Venous blood returning from the splanchnic viscera has liver-supporting (hepatotrophic) qualities not found to the same degree in other kinds of arterial or venous blood. The effects of portal blood have been noted in animals with two livers (or a differential portal blood supply to different regions of one liver) to include hypertrophy, glycogen storage, hyperplasia, capacity for regeneration, increase of several synthetic functions, and maintenance of normal structure. The main splanchnic venous hepatotrophic factors are endogenous hormones of which the single most important is insulin. Thus, the foregoing portal hepatotrophic effects are largely eliminated with the diabetes produced by alloxan or total pancreatectomy. The injury of portacaval shunt is caused by the diversion of the hormones around the liver. Accordingly, the atrophy, injury to the organelles, and loss of the capacity for cell renewal is minimized if insulin is infused into the portally deprived liver. In these and other experiments, exogenous glucagon alone or the addition of glucagon to insulin has had no effect, but this may be because of the masking presence of gut glucagon and other hormonal or non-hormonal substances in our models. At present, the effects on the liver of exogenous insulin, glucagon, epidermal growth factor, and numerous other hormones are being determined by their intraportal infusion into eviscerated dogs in which other endogenous splanchnic factors have been eliminated.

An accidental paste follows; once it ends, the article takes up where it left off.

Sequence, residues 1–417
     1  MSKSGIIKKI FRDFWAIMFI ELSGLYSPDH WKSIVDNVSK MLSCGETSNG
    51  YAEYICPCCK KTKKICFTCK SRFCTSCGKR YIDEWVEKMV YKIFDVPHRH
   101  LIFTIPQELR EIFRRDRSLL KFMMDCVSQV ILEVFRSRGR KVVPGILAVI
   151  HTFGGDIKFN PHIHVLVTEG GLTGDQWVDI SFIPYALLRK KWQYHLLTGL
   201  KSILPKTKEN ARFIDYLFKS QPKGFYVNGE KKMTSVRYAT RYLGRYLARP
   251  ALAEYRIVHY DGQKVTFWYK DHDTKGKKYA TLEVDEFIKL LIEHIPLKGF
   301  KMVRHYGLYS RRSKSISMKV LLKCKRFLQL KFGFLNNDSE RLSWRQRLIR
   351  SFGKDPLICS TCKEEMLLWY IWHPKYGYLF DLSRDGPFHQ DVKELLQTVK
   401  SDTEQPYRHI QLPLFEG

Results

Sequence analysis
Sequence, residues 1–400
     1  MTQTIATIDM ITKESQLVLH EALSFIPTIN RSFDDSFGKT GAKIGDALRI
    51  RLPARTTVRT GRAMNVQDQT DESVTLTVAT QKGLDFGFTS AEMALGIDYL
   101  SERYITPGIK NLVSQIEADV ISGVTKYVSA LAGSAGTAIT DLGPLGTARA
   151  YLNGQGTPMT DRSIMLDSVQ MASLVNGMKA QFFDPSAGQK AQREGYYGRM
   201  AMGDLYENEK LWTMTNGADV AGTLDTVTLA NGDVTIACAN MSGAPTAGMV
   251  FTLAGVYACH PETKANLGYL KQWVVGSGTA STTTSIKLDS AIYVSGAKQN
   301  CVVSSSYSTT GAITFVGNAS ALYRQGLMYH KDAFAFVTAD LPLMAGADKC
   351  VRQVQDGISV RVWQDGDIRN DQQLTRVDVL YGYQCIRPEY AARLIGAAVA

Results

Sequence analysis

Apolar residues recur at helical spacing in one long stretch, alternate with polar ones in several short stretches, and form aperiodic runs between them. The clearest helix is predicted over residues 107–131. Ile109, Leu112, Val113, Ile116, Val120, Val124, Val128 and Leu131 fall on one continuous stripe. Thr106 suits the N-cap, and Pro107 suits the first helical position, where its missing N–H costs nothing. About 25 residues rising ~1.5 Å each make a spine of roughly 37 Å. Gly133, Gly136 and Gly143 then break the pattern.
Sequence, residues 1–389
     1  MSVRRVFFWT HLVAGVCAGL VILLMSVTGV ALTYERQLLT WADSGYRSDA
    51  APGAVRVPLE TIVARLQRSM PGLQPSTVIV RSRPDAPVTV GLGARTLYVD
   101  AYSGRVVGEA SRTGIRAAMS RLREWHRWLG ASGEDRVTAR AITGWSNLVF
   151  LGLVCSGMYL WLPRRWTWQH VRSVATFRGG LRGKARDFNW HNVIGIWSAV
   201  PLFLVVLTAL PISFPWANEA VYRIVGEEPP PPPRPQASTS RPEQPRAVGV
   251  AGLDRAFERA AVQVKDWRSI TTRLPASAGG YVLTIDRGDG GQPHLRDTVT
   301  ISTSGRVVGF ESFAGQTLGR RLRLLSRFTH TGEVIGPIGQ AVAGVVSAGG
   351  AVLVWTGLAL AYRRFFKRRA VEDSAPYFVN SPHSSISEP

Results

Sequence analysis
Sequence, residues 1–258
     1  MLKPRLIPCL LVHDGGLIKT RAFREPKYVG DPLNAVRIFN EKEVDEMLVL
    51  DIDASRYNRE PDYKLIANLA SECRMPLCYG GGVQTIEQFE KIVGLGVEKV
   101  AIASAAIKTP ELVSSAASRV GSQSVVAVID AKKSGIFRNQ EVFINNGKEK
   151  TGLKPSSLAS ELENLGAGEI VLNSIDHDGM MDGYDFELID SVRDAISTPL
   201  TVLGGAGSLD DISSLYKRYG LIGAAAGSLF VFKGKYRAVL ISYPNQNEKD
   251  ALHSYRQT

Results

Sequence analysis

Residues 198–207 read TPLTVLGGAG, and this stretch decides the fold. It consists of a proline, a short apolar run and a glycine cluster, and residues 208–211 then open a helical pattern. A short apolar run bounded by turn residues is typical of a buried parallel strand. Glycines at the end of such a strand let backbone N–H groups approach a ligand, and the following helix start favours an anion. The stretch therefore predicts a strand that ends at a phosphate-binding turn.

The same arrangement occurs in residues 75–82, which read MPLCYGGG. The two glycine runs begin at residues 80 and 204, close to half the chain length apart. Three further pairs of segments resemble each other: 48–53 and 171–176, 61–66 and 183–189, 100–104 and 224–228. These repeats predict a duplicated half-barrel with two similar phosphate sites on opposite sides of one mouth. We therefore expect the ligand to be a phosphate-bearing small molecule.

|Original language||English (US)|
|Number of pages||19|
|Journal||Ciba Foundation symposium|
|State||Published - 1977|
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